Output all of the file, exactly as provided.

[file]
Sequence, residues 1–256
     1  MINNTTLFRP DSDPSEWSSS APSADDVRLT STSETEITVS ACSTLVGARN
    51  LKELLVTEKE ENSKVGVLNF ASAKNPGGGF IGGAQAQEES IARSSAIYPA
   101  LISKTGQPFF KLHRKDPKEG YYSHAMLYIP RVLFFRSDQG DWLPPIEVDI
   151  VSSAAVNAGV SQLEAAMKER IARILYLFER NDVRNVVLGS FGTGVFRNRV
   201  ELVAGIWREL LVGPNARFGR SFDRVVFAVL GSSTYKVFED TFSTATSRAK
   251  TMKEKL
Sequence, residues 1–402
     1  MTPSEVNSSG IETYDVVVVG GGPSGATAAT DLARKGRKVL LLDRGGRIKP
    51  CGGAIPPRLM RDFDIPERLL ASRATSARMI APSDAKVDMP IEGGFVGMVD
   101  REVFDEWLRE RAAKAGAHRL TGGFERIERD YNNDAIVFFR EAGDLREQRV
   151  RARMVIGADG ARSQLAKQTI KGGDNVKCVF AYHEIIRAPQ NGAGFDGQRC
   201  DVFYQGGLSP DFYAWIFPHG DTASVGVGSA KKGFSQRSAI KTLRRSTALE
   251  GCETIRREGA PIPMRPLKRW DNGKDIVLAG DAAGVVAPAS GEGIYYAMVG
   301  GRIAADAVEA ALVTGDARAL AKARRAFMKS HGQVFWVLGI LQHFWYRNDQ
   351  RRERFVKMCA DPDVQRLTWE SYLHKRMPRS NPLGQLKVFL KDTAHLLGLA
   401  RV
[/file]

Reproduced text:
Sequence, residues 1–256
     1  MINNTTLFRP DSDPSEWSSS APSADDVRLT STSETEITVS ACSTLVGARN
    51  LKELLVTEKE ENSKVGVLNF ASAKNPGGGF IGGAQAQEES IARSSAIYPA
   101  LISKTGQPFF KLHRKDPKEG YYSHAMLYIP RVLFFRSDQG DWLPPIEVDI
   151  VSSAAVNAGV SQLEAAMKER IARILYLFER NDVRNVVLGS FGTGVFRNRV
   201  ELVAGIWREL LVGPNARFGR SFDRVVFAVL GSSTYKVFED TFSTATSRAK
   251  TMKEKL
Sequence, residues 1–402
     1  MTPSEVNSSG IETYDVVVVG GGPSGATAAT DLARKGRKVL LLDRGGRIKP
    51  CGGAIPPRLM RDFDIPERLL ASRATSARMI APSDAKVDMP IEGGFVGMVD
   101  REVFDEWLRE RAAKAGAHRL TGGFERIERD YNNDAIVFFR EAGDLREQRV
   151  RARMVIGADG ARSQLAKQTI KGGDNVKCVF AYHEIIRAPQ NGAGFDGQRC
   201  DVFYQGGLSP DFYAWIFPHG DTASVGVGSA KKGFSQRSAI KTLRRSTALE
   251  GCETIRREGA PIPMRPLKRW DNGKDIVLAG DAAGVVAPAS GEGIYYAMVG
   301  GRIAADAVEA ALVTGDARAL AKARRAFMKS HGQVFWVLGI LQHFWYRNDQ
   351  RRERFVKMCA DPDVQRLTWE SYLHKRMPRS NPLGQLKVFL KDTAHLLGLA
   401  RV